We named our zine “Monty’s Monthly Cycle.” We came up with a really contrived framing story about a transsexual person whose sex change operation got botched, resulting in a monthly bleeding… to cope with which, he produced a zine. Or something like that. I don’t have a copy handy.

Imagine my surprise when, a half-dozen years later, I saw Hedwig and the Angry Inch!

Anyway, our plan to create the zine had a few flaws. One, we didn’t know how to distribute it, especially if we wanted to stay anonymous. We left a few copies around school and stuck inside our favorite books in the public library. Of course, this was before any of us had internet email accounts, so we didn’t really have a way to get feedback from readers, assuming anyone read it. And besides our friends who were already contributing… was there anyone who wanted to read our stuff?

So it wasn’t really a surprise to any of us that we lost interest after the second issue. Instead, I went on to take over the real school newspaper, and eventually find my way onto the internet.

But the zine established a pattern in my life that still persists. I get interested in something that’s kind of cool or edgy. But I’m not really cool or edgy enough to do it right. But I can kind of act the part. But when I get inside of whatever it is, I realize that it’s not necessarily all that cool in and of itself anyway. So then I figure out how to do the thing I actually want to be doing instead of the cool, edgy version.

And this, my friends, is how I came to be the editor of JewishBoston.com. :)

It’s Not Where You Start: Sail Away

Originally published on It’s Not Where You Start.

As I assessed my luggage and determined that I had, in fact, packed everything I’d need for four nights in Vegas (and then some), I looked at Benjamin and said, “I feel like the heroine of some cheesey romantic comedy.”

Here I was, the first day of Operation: Move On, slinging my adorable leather carry-on over my shoulder and heading off for relaxation, escape, and adventure. How very Julia Roberts of me.

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It’s Not Where You Start: I’ve Been to a Marvelous Party

Originally posted on It’s Not Where You Start.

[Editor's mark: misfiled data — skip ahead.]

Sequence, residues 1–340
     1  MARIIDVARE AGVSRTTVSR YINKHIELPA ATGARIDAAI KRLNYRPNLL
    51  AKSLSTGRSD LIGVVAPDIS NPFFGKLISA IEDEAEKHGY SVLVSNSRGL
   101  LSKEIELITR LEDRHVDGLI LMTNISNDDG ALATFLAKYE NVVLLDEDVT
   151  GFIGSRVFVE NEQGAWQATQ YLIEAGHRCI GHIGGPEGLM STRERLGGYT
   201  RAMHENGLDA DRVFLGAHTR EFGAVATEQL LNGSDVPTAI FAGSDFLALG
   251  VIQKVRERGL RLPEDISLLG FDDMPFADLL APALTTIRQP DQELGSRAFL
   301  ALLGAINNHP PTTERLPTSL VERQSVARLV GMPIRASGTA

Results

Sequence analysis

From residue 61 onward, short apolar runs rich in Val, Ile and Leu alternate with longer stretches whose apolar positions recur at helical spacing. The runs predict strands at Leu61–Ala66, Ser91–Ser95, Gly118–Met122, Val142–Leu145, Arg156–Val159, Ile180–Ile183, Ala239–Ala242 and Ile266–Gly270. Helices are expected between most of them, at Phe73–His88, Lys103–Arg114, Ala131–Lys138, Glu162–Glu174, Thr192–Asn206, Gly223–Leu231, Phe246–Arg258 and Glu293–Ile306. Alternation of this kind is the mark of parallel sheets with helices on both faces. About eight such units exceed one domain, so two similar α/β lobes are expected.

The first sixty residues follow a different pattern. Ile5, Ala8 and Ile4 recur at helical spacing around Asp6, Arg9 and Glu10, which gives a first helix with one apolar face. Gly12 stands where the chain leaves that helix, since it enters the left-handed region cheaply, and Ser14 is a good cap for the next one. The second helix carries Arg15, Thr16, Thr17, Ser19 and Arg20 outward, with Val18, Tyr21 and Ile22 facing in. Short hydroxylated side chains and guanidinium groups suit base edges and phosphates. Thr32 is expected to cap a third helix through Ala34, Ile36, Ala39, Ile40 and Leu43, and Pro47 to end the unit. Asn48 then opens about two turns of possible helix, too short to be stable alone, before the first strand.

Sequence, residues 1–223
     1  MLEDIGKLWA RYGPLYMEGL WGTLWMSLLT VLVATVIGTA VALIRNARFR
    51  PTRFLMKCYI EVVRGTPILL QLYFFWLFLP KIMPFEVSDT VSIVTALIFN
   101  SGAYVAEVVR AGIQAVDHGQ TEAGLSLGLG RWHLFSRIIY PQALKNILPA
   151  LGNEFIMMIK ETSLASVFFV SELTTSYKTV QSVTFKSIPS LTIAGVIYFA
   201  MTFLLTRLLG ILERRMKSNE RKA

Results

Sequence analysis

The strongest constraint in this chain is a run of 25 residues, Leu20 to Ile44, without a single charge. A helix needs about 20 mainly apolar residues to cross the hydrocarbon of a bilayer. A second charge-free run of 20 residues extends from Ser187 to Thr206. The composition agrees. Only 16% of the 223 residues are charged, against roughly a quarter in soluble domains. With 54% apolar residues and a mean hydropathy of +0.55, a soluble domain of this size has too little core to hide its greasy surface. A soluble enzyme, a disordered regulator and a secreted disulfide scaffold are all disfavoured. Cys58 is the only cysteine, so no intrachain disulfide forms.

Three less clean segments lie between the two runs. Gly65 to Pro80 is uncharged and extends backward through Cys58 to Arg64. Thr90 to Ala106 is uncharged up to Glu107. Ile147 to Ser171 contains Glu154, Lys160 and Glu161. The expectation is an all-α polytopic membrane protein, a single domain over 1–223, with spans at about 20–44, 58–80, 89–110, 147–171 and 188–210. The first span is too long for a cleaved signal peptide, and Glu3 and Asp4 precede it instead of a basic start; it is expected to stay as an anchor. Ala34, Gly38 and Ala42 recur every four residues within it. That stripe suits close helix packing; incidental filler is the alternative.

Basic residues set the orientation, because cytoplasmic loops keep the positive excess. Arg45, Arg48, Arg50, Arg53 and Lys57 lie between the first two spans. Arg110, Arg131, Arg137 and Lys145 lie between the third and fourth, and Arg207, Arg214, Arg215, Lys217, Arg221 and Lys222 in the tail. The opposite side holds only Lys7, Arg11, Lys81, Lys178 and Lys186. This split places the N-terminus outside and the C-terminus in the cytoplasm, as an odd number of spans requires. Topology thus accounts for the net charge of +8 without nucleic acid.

(Apparently it’s Noel Coward week on this blog. It’s taken all my effort to avoid the obligatory “Why Do the Wrong People Travel” post, if only because that’s too easy.)

It turns out that an extended weekend in Vegas may have been exactly what I needed, and I am grateful to my brother for making it happen.

I had reason to be nervous, as I mentioned earlier in the week. My brother and I have a mostly positive relationship these days, but that wasn’t always the case. When we have fought in the last few years, it’s generally been when our parents are around. On the other hand, we tend to do best when we visit on his turf. There’s no question that this weekend, while physically at Planet Hollywood, was spiritually all his turf. It didn’t hurt that I spent time with my parents, and time with my brother, but little time with all four of us together.

About sixty guests descended on Vegas for the affair — aunts, uncles cousins; my brother’s friends from high school and college; colleagues past and present from across the entertainment industry; and more than a few of his clients, a mix of actors you’d recognize as “oh, that guy” and some younger talent who, if you have kids of Nickelodian age, you’d be clamoring to get your picture taken with.
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It’s Not Where You Start: Singing in the Bathtub

Originally published on It’s Not Where You Start.

I love to bathe.

Please don’t misunderstand. I am not obsessively-compulsively concerned with hygiene. Not do I get some sort of perverse thrill from the shower or bathtub. But I love the experience of being surrounded by fresh water combined with the pampering bath products can provide.